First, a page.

In summary, these two cases emphasize the fact that two different retinal diseases, COT and ROP, may be intertwined in preterm infants and present with atypical manifestations. Therefore, in addition to history and routine fundus examination, peripheral retinal vascularization should also be carefully evaluated in bigger babies with COT.


Informed Consent: N/A.

Peer-review: Externally peer-reviewed.

Authorship Contributions

Surgical and Medical Practices: Şengül Özdek, Murat Hasanreisoğlu, Concept: Şengül Özdek, Murat Hasanreisoğlu, Tuba Atalay, Design: Murat Hasanreisoğlu, Data Collection or Processing: Gökçen Deniz Gülpınar İkiz, Analysis or Interpretation: Şengül Özdek, Murat Hasanreisoğlu, Zeynep Aktaş, Literature Search: Gökçen Deniz Gülpınar İkiz, Writing: Murat Hasanreisoğlu, Gökçen Deniz Gülpınar İkiz.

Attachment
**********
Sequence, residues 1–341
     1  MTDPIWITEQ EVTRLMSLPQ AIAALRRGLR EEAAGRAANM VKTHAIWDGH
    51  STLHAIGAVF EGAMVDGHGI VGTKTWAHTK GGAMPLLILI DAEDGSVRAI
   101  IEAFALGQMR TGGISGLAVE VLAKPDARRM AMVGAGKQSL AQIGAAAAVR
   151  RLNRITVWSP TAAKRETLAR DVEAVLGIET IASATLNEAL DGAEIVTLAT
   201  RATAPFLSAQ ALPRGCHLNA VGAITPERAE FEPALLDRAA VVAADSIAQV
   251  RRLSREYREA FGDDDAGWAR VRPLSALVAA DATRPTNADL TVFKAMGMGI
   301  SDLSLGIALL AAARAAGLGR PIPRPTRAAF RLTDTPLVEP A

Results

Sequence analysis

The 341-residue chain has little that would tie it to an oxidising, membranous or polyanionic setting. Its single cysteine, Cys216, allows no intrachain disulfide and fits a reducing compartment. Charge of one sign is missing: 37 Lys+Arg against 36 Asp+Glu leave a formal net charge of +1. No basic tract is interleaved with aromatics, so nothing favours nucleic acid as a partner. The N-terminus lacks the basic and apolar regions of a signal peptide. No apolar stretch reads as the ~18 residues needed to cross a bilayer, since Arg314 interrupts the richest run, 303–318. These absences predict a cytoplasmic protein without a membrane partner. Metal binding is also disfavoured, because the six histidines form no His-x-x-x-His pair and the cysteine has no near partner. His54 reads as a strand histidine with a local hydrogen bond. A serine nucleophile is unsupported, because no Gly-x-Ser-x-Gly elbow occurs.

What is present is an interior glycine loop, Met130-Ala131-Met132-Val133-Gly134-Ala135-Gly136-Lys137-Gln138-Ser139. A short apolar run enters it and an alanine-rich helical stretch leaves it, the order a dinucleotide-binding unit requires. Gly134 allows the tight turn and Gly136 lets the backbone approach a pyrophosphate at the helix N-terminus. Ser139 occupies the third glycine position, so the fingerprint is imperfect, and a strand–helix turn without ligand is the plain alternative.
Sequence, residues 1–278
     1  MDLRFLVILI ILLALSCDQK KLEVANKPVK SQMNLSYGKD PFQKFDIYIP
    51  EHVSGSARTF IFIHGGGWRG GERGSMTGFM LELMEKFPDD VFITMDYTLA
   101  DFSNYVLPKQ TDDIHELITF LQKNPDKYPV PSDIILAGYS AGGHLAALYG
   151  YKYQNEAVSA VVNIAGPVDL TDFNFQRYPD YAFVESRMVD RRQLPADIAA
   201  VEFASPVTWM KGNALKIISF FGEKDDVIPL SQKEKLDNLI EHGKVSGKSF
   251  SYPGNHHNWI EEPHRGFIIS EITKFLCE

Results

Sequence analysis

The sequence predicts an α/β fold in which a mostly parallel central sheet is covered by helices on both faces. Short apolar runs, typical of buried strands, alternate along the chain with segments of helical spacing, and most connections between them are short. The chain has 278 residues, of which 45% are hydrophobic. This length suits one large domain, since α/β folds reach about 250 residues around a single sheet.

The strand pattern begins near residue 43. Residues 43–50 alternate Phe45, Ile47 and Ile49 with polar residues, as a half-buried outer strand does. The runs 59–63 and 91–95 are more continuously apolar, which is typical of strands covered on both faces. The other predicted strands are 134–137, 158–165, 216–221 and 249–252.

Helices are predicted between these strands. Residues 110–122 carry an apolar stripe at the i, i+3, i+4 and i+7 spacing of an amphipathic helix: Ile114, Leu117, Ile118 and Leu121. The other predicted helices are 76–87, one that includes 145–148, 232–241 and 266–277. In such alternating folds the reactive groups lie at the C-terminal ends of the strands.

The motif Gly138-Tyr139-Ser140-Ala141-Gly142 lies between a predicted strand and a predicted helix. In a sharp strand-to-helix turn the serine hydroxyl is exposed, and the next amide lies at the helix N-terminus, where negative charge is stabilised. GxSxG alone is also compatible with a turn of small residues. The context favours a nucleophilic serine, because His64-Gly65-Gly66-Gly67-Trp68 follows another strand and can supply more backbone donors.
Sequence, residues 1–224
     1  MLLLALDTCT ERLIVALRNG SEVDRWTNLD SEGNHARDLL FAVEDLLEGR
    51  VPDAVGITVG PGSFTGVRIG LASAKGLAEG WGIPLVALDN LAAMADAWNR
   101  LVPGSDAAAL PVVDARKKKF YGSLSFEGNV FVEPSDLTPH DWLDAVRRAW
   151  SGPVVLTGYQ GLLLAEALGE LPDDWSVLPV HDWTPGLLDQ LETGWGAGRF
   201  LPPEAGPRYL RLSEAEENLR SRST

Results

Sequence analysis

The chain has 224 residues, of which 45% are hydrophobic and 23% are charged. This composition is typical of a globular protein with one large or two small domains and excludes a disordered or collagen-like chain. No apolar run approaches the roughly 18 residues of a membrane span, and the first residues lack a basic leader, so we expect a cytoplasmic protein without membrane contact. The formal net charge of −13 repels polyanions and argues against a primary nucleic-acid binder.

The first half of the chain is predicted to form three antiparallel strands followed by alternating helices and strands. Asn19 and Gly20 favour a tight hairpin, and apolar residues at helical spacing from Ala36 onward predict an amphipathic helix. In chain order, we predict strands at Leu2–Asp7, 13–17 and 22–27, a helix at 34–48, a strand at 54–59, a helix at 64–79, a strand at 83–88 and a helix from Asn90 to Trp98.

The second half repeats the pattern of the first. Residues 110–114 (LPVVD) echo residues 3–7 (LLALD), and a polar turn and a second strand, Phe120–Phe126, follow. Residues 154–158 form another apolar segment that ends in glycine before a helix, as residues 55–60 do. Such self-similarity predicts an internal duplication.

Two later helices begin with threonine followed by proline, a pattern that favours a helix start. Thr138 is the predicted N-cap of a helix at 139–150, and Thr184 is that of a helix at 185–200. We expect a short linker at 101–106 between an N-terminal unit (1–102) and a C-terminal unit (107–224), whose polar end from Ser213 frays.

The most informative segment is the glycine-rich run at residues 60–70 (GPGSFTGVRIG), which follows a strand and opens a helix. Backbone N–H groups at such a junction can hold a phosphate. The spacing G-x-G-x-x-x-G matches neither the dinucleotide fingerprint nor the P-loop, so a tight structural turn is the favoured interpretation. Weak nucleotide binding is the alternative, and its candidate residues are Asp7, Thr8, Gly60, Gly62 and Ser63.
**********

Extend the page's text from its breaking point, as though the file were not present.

Conflict of Interest: No conflict of interest was declared by the authors.

Financial Disclosure: The authors declared that this study received no financial support.